Manyazezewal further remarked that Ethiopia's recent inclusion in the BRICS family is seen as an extension of the bilateral relations between Ethiopia and China. He noted that Chinese President Xi Jinping has put forth three initiatives, namely the Global Development Initiative, the Security Initiative, and the Civilization Initiative, which serve as evidence of the improving relations between Ethiopia and China. Manyazezewal concluded by stating that the current event is a manifestation of the civilization initiative mentioned by President Xi Jinping, underscoring the significance of cultural exchange and cooperation between the two nations. The event aims to further improve bilateral relations as this year marks the 53rd anniversary of the establishment of diplomatic relations between China and Ethiopia.

                                                           Artists of Zhejiang Wu Opera Troupe perform in Addis Ababa, Ethiopia, on September 9, 2023. 

Senior Ethiopian figures, including the Director General of the Policy Studies Institute, H.E. Prof. Beyene Petros, with his family members, attended the night's events.

In his interview with the Chinese media during the night, Prof. Beyene said he hoped the performance would help deepen Ethiopian audiences' understanding of Chinese culture and promote people-to-people exchanges between the two countries.

Dr. Netsanet Jote, a Lead researcher at the Policy Studies Institute also attended the event with her family members. Dr. Netsanet said the performance was an enlightening experience as traditional Chinese costumes and instruments were used to entertain the audience.

                                          Dr. Netsanet Jote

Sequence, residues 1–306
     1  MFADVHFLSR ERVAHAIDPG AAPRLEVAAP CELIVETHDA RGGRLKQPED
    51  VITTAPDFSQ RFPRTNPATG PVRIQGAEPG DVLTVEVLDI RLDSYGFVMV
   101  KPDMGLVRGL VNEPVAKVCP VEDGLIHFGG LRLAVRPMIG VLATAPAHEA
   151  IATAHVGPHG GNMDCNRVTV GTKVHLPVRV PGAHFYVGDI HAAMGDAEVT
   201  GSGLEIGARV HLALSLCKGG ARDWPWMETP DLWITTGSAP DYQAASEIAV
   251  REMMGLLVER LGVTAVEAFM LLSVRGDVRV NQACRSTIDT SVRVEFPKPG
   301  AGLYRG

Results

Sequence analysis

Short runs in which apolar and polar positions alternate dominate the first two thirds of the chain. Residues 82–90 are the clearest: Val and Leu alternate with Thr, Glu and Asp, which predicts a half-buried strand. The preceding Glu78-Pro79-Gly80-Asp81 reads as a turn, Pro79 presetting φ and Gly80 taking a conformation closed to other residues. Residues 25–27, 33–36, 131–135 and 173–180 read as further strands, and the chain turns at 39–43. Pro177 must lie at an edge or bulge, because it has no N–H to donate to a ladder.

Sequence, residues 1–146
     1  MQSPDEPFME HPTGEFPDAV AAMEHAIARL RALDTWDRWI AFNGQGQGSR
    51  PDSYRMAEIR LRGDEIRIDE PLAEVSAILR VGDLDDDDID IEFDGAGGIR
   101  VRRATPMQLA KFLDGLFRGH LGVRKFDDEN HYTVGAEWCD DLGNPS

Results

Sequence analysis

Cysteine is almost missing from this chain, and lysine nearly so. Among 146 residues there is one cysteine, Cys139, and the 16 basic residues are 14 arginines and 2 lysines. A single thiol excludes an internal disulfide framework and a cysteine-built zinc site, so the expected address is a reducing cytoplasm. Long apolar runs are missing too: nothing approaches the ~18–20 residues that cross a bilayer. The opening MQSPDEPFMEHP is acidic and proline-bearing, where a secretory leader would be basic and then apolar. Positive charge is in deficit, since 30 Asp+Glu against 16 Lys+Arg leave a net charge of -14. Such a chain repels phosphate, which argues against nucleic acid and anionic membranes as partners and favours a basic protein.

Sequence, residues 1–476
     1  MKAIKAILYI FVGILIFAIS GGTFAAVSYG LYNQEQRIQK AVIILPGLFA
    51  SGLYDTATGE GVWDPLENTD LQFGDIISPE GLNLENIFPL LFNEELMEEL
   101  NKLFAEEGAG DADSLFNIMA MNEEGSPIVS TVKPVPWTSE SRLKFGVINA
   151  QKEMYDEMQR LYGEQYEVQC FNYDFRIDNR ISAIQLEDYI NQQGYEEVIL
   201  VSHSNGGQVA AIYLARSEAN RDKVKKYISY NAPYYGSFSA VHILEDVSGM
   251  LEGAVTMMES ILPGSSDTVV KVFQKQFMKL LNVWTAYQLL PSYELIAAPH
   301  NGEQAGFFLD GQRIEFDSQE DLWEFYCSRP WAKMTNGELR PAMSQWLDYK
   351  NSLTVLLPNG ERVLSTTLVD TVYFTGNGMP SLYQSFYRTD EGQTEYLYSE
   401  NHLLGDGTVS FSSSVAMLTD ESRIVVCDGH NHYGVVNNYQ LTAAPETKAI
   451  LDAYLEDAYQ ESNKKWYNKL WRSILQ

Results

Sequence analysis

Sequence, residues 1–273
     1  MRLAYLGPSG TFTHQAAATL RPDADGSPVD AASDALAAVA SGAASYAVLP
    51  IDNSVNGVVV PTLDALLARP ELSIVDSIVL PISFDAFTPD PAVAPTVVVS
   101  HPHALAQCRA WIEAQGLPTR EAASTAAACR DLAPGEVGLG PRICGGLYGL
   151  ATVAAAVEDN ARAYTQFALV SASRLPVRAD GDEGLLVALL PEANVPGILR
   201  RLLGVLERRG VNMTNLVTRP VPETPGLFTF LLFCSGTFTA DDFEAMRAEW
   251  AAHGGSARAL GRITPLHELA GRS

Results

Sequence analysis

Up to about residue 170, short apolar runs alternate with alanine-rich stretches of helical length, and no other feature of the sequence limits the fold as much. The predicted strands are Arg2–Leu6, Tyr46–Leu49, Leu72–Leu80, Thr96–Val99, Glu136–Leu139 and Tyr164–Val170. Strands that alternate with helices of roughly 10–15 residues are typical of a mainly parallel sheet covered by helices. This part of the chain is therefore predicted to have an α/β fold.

Dr. Balew Demissie, who was also invited to the event, and gave an Interview to the Chinese Media during the night said, "Chinese culture is becoming more popular in Ethiopia as more and more locals get the opportunity to see live performances by Chinese artists."  During his recent visit to China’s Zhejiang Normal University, he also visited the Zhejiang Wu Opera Research Center.

                                                    Dr. Balew Demissie 

Dr. Balew explained that Zhejiang Wu Opera Research is a prestigious institution dedicated to the preservation, promotion, and research of Wu Opera, a traditional Chinese opera style that originated in Zhejiang Province in China. The research center was established to preserve the cultural heritage of Wu Opera promote its artistic quality and serve as a hub for artistic education, academic research, and cultural exchange.

Dr. Balew said that at the Zhejiang Wu Opera Research Center, a team of highly qualified artists, scholars, and enthusiasts work together to nurture and develop the art form. The center offers comprehensive training programs for aspiring Wu Opera performers, focusing on vocal techniques, acting skills, stage movement, and traditional repertoire. Through rigorous training and mentoring, the center aims to produce competent performers who can carry on the legacy of Wu Opera and captivate audiences with their talent and passion.

In addition to educational programs, the Zhejiang Wu Opera Research Center is actively engaged in research and academic endeavors. The Center's scholars focus on the historical, cultural, and esthetic aspects of Wu Opera and conduct in-depth studies to deepen the understanding and appreciation of this art form. Their research findings contribute to the broader field of Chinese opera research and help preserve the authenticity and integrity of Wu Opera.

Beyond its local activities, the Zhejiang Wu Opera Research Center also participates in cultural exchange programs both within China and internationally. Through collaborations with opera houses, festivals, and academic institutions around the world, the Center introduces the beauty and uniqueness of Wu Opera to a wide audience. These collaborations not only promote cultural understanding but also facilitate artistic dialog and inspire cross-cultural creativity.

The Zhejiang Wu Opera Research Center plays a pivotal role in reviving and promoting Wu Opera, ensuring that this traditional art form continues to thrive in the modern era. By nurturing talent, conducting research, and fostering cultural exchange, the Center serves as a guardian of the Wu Opera's legacy while innovating and adapting to keep it relevant and captivating for today's audiences. With its unwavering commitment to excellence, preservation, and outreach, the Zhejiang Wu Opera Research Center is a beacon of cultural heritage that promotes appreciation for Wu Opera and enriches the artistic landscape in China and beyond.